And this is certainly a long walk through 2020 – many of us wish it would just be over – 2021 has to be better than this! I was actually looking forward to 2020, waaaayyyy back in 2019. 2020 always had such a nice ring to it – it’s an election year, and our 2020 vision was going to make a difference, especially with the November election. As a child I remember thinking, “Wow, in 2020 I am going to turn 60 years old – that is, if I live that long!” And now it’s here, and back in 2019 I was hopeful about turning 60 this year and looking forward to the many more years ahead of me, as age certainly changes the perspective of our youth. I was hopeful about the upcoming election and the changes it would bring, MUST bring, the light that would shine in the darkness, the love that would overcome hate. And then the last few months happened, and now I just wish 2020 would be over, the sooner the better. I feel like I’ve aged 20 years in the past three months. I want to rest, to sleep, and wake up when this mess is all over.

Instead of giving into that, however, I’ve been trying to stay awake. Yes, I need to rest – rest will fuel me for what lies ahead, mentally and emotionally and spiritually. But I also need to “stay woke” – and one way I am doing that is trying to keep myself open and positive to what these days might teach us, how and what we might learn from it all. I’ve been trying to stay awake – and curious, even hopeful. So, for instance – the economy has been shut down for a few months, with businesses closed and only now slowly reopening in some areas. This will be devastating overall to the national and global economy, in spite of how the markets have reacted thus far. But what if, instead of seeing this as a negative in terms of “business as usual,” this gives the world a chance to create a more just, sustainable economy going forward? What might become possible then?

Breanna Taylor and George Floyd’s murders seems to be waking up white folks … what if we stay awake and finally take meaningful steps to protect and honor black and brown lives? What might become possible then? We have been quarantined for three months – in effect we have been in lockdown. What if we rediscover the value of our families and communities during this time? What might become possible then?

Closer to home – we haven’t been able to worship together in person since March 8 – nor have other congregations, of course. And in spite of the foolishness and carelessness of some around the country coming back too soon, we may not be able to gather together on Sundays for the foreseeable future. The Steering Committee voted on Tuesday to remain online for worship at least through the end of August and will reassess as we move through the summer. It seems possible and even probable that will be extended through the end of the year, as many congregations have already decided to do so through the end of 2020, barring medical advances that would make it safe for everyone to be there. Not being together in person has been frustrating and challenging to be sure, and we miss each others faces, hugging and singing together, but what if this experience frees us from the traditional obsession with buildings, and sets us loose in the world? What might become possible then? It seems especially timely as NCC has been considering where our new home will be – now that we’ve been meeting without a space for three months, how might that define what our new space might look like? Some questions Bob and I invited the Steering Committee to consider between now and our August meeting, as we think about a new home, include …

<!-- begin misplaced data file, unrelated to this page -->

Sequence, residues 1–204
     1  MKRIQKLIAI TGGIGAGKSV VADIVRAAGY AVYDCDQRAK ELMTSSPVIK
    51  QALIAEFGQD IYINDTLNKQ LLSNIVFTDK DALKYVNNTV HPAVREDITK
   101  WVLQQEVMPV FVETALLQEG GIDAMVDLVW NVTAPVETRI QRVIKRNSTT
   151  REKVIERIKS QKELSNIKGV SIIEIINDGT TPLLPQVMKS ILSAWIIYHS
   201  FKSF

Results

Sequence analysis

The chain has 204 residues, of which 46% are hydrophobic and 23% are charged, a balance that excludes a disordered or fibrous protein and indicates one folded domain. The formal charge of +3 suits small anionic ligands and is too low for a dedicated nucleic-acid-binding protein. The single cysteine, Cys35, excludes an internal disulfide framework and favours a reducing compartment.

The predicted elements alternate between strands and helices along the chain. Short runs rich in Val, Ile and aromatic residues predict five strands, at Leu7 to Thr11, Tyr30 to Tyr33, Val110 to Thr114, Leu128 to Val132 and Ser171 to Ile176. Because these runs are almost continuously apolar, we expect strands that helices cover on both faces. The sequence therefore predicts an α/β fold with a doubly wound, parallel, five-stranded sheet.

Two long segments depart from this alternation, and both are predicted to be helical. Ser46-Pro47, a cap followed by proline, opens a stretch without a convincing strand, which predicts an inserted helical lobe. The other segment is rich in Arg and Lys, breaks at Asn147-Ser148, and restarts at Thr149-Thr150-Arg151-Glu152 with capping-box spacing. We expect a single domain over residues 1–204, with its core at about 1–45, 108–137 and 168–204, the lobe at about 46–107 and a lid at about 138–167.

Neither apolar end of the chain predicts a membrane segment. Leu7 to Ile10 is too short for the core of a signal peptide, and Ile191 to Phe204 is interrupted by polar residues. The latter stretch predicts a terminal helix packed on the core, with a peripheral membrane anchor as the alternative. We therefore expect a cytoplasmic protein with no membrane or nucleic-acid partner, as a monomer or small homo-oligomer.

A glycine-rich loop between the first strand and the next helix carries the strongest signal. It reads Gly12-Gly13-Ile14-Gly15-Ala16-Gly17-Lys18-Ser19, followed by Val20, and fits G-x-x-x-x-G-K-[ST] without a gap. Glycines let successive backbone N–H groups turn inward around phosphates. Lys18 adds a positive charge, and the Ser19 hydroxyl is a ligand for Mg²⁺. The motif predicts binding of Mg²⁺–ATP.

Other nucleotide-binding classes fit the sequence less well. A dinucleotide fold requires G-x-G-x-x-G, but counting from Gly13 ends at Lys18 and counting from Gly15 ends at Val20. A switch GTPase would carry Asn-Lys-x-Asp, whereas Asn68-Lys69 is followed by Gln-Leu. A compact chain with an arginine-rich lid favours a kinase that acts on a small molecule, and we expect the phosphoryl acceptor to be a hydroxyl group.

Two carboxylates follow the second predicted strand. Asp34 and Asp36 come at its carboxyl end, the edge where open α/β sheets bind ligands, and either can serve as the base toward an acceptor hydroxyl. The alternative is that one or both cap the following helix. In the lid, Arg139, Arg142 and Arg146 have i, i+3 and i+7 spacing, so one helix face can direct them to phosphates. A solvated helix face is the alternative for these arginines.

How has COVID-19 impacted us as a congregation?
What have we learned? What have we lost? What have we gained?
What are the possibilities unfolding before us?

Jesus lived in a dark time – during the first century Palestine, he was a member of a peasant class ruled by a foreign government maintained by corrupt local officials. The rich got richer and the poor got poorer, and the religious elite cooperated with their invaders, making a mockery of the basic tenants of their religion. For Jesus, the heart and soul of Judaism called him to act with compassion for the sake of the most vulnerable, who were being trampled by the powerful; it called for unity while those in power tried to divide; it called for love being more important than law, and for decency and kindness in the face of tyranny. So when he saw that even the leaders within his own faith community were complicit in the degradation of basic humanity – he called it out and fought against it. He courageously resisted. It was a movement, not a moment. He invited people to think about new, creative ways to live together … it was said an eye for an eye, but I say forgive … Are we called to anything less during our own dark times?

A poem by Leslie Dwight helps give me some perspective on all of this, and I’ll share it as my closing words.

 What if 2020 isn’t canceled?
What if 2020 is the year we have been waiting for?
A year so uncomfortable, so painful, so scary, so raw –
that it finally forces us to grow.
A year that screams so loud, finally awakening us
from our ignorant slumber.
A year we finally accept the need for change.
Declare change. Work for change. Become the change.
A year we finally band together, instead of
pushing each other further apart.

2020 isn’t canceled, but rather
it’s the most important year of them all.